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New business deals grow naturally from personal contact. It’s often during informal conversations with acquaintances that you will find out something that helps you sell. You will learn that Tom at the end of your block is being transferred out of state; that your son’s teacher’s daughter is moving back to town; or that a former client is dreaming about a vacation home. 

The more opportunities you have to visit with people – lots of people – in a sociable way, the faster you will build your real estate practice. With that in mind, consider planning a client appreciation event for 2005 that includes everyone you know. It will bring you nose to nose with people who might need your services. Besides, people like to feel appreciated, and it builds tremendous good will. Here are a few ideas:

  • Host an old-fashioned picnic at a park, with foot races, games and skits.

  • Plan a December holiday gathering with cider, baked goodies, a visit from Santa, and sleigh rides or hay rides.

  • Plan a luncheon or a brunch. These are good alternatives to evening events, especially during the holidays when people are busy. 

  • Reserve a block of seats at a pro baseball, basketball, football or hockey game.

  • Sponsor the screening of a new movie or an event at a playhouse or symphony.

  • Host a formal-attire party.

  • Hold a Halloween party, Easter Egg Hunt, or Fourth of July event. 

  • Try a square-dance or salsa-dance theme party and provide for lessons.

  • Organize a block party with your neighbors.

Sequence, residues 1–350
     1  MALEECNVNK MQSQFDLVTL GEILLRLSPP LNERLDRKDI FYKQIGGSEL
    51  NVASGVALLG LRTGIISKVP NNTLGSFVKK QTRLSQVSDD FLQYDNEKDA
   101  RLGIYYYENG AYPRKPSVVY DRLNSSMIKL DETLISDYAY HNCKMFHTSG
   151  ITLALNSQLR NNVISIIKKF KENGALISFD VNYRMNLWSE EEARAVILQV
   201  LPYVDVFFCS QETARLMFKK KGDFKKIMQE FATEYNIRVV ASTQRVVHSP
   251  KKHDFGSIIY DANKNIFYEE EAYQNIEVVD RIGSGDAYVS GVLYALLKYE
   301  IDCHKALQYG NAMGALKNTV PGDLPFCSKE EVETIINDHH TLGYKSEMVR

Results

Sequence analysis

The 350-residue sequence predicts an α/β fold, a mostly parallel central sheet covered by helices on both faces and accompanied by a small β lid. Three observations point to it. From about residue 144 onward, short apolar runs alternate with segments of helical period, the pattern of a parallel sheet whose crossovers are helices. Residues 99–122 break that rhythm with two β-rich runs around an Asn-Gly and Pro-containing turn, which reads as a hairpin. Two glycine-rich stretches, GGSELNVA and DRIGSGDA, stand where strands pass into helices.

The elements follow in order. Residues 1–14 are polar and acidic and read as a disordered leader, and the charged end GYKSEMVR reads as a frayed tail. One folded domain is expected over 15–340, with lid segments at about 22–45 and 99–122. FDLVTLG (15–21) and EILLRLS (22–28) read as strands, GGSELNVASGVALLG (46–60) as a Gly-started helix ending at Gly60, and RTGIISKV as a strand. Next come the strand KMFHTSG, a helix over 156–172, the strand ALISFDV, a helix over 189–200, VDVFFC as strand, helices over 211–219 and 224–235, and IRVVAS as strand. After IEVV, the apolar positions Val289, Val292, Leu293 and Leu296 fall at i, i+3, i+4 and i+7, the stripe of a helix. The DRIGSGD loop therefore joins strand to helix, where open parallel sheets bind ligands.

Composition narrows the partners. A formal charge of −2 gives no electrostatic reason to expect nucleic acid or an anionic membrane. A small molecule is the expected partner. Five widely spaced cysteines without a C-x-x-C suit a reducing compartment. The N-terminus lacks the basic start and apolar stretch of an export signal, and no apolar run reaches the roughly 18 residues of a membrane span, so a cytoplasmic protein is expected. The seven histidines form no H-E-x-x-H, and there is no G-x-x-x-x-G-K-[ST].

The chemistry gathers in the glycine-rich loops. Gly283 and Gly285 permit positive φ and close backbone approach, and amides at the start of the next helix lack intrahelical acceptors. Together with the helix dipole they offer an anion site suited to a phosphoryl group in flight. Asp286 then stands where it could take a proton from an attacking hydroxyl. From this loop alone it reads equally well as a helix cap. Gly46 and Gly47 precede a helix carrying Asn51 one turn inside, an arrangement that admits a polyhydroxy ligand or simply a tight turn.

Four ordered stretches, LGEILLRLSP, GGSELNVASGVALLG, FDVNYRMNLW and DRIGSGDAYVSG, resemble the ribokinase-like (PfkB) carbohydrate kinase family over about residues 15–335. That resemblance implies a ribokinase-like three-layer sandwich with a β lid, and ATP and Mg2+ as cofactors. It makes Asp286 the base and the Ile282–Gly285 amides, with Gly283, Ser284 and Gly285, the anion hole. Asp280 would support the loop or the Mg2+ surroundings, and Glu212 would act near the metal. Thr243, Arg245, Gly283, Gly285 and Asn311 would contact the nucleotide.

• Coordinate a wine tasting.

The key to a successful event is to plan well in advance. Decide the month of your event at the beginning of the year and visualize everything that will need to be done. Schedule each step on your calendar. Here are some tips to help you get started.


  • Develop an invitation list.

  • Choose a date and send out “Save the Date” cards.

  • Predict which and how many of your clients will respond. You never really know, but the ratio is usually three invitations for one attendee.

  • Arrange for location, food and beverage, and special help as far in advance as possible.

  • Send invitations 30 days before the event with an RSVP time of 10 days before the event.

  • If you have too few responses by the RSVP date, invite new people. Work the phones. Call those who have not yet responded, and ask everyone who has responded to bring friends and family.

  • If you have too many responses (unlikely), make arrangements for extra refreshments and anything else necessary to accommodate your guests.


  • For an office or home event, be at the entrance to greet each guest.

  • Have guests wear name tags.

  • For “arranged location” events, send good maps and directions with your invitations.

  • For parties, plan a couple of fun activities, such as races or face painting at picnics or movies and popcorn at indoor parties.

  • Arrange for 5 percent-10 percent more food and drink than you expect to use.

Tips for success:

  • Have the event catered.

  • Have a photographer on hand. Send a newsletter afterward that includes photos from the event. Send this out to everyone you invited, whether or not they attended, to show how much fun it was. Or, with permission, post the photos on your Web site.

  • If you have a team, free them from working at the event so they can mingle. Hire outside help if needed.

  • Do not discuss business at the event unless you are specifically asked, and in that case, ask to phone the individual later to discuss details or book an appointment. Focus on fun at your event.

  • Don’t be discouraged if the first-year turnout is small. Year-to-year attendance tends to grow.

Repeat your event each year and the results will be phenomenal! It takes a lot of planning to pull it off a great event, but rest assured, it will pay off in business and in fun! 

Howard Brinton is a real estate sales motivational speaker and the founder and CEO of Star Power Systems, a sales training organization that offers tapes, books, videos, conferences and a club that distributes selling techniques from the nation’s top producers.


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